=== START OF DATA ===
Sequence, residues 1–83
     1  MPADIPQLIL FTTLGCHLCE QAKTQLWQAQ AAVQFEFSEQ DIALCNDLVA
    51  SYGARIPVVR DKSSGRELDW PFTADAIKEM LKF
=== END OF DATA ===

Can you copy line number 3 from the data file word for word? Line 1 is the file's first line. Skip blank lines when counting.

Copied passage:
    51  SYGARIPVVR DKSSGRELDW PFTADAIKEM LKF